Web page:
Only Syntax

Journal of my investigation into the development of a new programming language

Monday, April 07, 2003



Part of the art of programming, in languages I've worked with at least, is balancing nouns and verbs. Before there were modules, data structures and objects, routines (verbs) had to bear all of the organizational burden of a program. Transferring some of that burden to data structures (nouns) can be a great simplification.

Human language, of course, has much more than nouns and verbs. And while I don't think human language represents a perfect model for computer languages, some of my favorite languages are English-like, so I'm willing to at least consider suggestions this analogy presents.

And I think a lot of the things I do in programming could be simpler if I had adjectives. The fields of a database record or a data structure, or the properties of objects, frequently serve the role that adjectives fill in speech. But asking simple questions about the properties can require more complexity than might be necessary.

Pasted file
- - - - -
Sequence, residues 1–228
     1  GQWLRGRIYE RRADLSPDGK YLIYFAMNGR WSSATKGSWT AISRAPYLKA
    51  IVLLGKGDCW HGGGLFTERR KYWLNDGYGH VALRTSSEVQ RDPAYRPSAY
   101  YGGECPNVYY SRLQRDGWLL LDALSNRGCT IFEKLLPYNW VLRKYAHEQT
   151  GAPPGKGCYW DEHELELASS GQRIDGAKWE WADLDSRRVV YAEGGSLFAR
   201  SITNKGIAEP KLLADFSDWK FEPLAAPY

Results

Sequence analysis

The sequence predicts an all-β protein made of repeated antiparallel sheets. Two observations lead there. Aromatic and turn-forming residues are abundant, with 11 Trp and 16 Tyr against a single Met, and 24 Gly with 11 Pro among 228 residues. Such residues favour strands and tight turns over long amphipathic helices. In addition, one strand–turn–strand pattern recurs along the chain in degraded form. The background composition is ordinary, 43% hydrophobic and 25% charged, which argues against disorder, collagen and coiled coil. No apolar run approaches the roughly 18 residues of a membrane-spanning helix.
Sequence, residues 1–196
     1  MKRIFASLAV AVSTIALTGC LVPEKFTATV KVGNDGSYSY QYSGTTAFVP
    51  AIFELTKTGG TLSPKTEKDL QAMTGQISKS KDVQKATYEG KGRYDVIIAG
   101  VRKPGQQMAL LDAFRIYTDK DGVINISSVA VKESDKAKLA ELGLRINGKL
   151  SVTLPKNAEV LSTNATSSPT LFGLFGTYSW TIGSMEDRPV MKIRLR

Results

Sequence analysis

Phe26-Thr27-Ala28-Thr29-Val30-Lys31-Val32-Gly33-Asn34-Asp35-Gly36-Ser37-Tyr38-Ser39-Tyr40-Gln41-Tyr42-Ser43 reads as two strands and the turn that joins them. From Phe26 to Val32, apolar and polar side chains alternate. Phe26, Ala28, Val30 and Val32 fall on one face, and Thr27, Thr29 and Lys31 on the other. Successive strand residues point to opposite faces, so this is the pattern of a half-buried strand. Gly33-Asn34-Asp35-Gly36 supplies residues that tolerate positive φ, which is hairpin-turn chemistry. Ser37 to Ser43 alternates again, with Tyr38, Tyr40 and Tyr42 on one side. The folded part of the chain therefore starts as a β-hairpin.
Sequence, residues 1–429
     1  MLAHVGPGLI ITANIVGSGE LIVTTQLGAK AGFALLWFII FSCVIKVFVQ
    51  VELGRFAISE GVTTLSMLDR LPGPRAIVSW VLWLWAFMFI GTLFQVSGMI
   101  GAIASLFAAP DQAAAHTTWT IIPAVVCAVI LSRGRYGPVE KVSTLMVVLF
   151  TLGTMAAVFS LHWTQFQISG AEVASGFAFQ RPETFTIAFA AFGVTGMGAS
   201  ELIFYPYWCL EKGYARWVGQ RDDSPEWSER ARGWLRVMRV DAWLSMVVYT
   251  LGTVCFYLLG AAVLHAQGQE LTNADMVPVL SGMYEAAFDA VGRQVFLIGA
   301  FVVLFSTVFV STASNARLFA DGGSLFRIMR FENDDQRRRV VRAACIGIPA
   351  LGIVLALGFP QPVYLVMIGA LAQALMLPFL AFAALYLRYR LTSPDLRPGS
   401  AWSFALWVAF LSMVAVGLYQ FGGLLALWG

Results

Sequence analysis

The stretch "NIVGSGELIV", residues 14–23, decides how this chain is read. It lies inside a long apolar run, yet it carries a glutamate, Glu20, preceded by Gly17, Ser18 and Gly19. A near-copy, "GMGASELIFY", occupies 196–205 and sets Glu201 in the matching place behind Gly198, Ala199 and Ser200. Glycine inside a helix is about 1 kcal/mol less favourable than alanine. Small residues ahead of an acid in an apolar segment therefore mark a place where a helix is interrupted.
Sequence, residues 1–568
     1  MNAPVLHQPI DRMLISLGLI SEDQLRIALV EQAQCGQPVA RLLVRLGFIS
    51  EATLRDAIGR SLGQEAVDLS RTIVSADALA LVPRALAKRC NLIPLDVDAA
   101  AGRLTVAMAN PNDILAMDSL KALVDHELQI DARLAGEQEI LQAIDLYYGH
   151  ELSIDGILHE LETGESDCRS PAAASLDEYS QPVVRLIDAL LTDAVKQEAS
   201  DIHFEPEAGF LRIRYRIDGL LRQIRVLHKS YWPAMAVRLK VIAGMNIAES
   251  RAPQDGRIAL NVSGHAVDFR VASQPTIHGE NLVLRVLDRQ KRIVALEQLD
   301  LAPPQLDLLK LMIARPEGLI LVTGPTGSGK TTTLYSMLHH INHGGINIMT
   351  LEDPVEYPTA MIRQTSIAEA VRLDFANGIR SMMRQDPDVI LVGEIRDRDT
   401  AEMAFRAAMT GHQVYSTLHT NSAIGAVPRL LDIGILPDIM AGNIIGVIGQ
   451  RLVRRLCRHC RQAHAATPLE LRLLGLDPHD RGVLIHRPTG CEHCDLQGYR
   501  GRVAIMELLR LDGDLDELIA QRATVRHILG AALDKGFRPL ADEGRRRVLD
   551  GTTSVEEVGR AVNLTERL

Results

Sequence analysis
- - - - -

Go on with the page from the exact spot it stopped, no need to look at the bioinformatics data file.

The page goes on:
Suppose a language had adjectives, binding a comparative test to terms for, at a minimum, superlative and comparative. I tend to think that opposite, and anti-comparative and anti-superlative are also appropriate.

Let's use width for our examples.

With adjectives Without

is r1 wider than r2? is r1.width > r2.width?

width of the widest of the_rects max = VERY_NARROW
foreach rect (the_rects)
max = rect.width if rect.width > max

is any of the_rects wider than 3? foreach rect (the_rects)
succeed if rect.width > 3

Arguably, the two loops are a more accurate reflection of what's really going on in the computer - but for that matter, GOTO would be a more accurate reflection of what's going on in a loop. I think how we express things in English is a better reflection of how we think of them. So in terms of communicating intent, I think adjectives are an improvement.

SQL makes short work of questions like this; arguably it has better support for what I am calling adjectives than for nouns and verbs. But I'm after a language that falls more into the procedural family, I think, and should be useful outside of a database context.

Peeking at semantics for a moment, I think that the terms should be bound to a test, rather than a field as I've used in these examples. It would allow for more sophisticated comparisons.

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